commissaries, most of them, who have been operating here and on Red
River, under former commanders. Major [N. B.] Pearce, chief commissary of Texas, former commanders. Major [Thomas] Lanigan, now on duty in Northern Texas, have both of them, according to report, been too intimate with certain speculators from this place, now in Northern Texas. Both of the officers referred to are strangers to me, as well as the speculators referred to. These speculators control large sums of money, and have some political influence. All has been, or will be, brought to bear to bring or keep here such agents of Government as are useful to them.
The delegate from the Nation brought a scheme, approved by the President, for a separate and permanent command in the Indian country. The exact nature of his instructions I do not know, not having seen them, but it has had the effect to set to work all the machinery that could be brought to bear by each, in force, of the two brigades who are now under my command. Promotion and command for some and money for others will be the mainsprings of action in the changes that may be urged to be made in this country. Major Lee, commissary, is now engaged in following up some of the rascally indications. I shall dislike very much to lose Major Lee's services. I think they are of more importance here now than they ever have been in any new field of operations.
The Indian command is a large one to feel. The indigent loyal Indians have been supported at the expense of the Government supplies. This has been a matter of necessity, and is still, thought to a less extent.
The Cherokee refuges will refuse assistance much longer than others. Indian troops you are familiar with. Colonel Stand Watie is the only one of the command, as far as I know, who is above the ordinary mark.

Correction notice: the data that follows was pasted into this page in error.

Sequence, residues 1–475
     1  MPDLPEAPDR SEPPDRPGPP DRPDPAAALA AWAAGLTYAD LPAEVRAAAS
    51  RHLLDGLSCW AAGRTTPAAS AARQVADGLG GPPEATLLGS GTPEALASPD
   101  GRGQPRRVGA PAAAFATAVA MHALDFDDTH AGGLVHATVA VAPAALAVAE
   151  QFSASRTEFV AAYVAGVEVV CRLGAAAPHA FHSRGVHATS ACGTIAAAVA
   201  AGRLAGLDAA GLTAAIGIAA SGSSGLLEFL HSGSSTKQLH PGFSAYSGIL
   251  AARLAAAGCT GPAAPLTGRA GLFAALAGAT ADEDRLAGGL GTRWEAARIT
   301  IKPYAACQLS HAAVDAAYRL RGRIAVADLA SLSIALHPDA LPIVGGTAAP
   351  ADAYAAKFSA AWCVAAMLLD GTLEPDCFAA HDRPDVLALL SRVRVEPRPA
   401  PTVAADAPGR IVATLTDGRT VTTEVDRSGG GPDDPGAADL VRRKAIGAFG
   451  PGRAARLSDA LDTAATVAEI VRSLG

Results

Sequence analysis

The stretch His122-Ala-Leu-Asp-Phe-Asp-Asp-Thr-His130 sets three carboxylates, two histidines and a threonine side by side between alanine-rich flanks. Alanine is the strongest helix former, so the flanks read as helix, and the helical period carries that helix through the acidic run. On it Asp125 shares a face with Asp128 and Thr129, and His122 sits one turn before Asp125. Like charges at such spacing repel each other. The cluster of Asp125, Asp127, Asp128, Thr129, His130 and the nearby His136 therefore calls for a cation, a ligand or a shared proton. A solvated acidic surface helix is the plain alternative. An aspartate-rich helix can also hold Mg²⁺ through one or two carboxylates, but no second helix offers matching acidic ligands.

The Creeks appear to be especially unreliable. With these troops, and without proper artillery, it would be foolish to attempt to take Fort Gibson. I am, therefore, attempting to force the enemy out by cutting off his supplies, with a good prospect of success.
Your obedient servant,
HEADQUARTERS MISSOURI CAVALRY REGIMENT,
Camp at Russell's Ferry, June 25, 1863.
Major HENRY EWING,
Assistant Adjutant-General, in the Field:
MAJOR: No news from the enemy to-day. A Federal scout of 250 men crossed Little Black at Ponder's Mill on last Sunday. I pursued them with about 300, when they retreated toward Patterson. Colonel Campbell and Captain Reves are certainly mistaken about the number of the enemy at Ironton. They have between 3,000 or 4,000 men. There is no doubt that the enemy have sent a great many men to Vicksburg from the vicinity of Ironton. Three thousand men were shipped at one time. It is absurd to think that the enemy were preparing to move in this direction with their present force. When they hear that our army has left Jacksonport and gone in the direction of Helena, they will move in this direction, and not until then. I will use every effort to prevent them receiving that information.
I am, major, very respectfully, your obedient servant,
JNO. Q. BURBRIDGE,
Colonel, Commanding Outposts.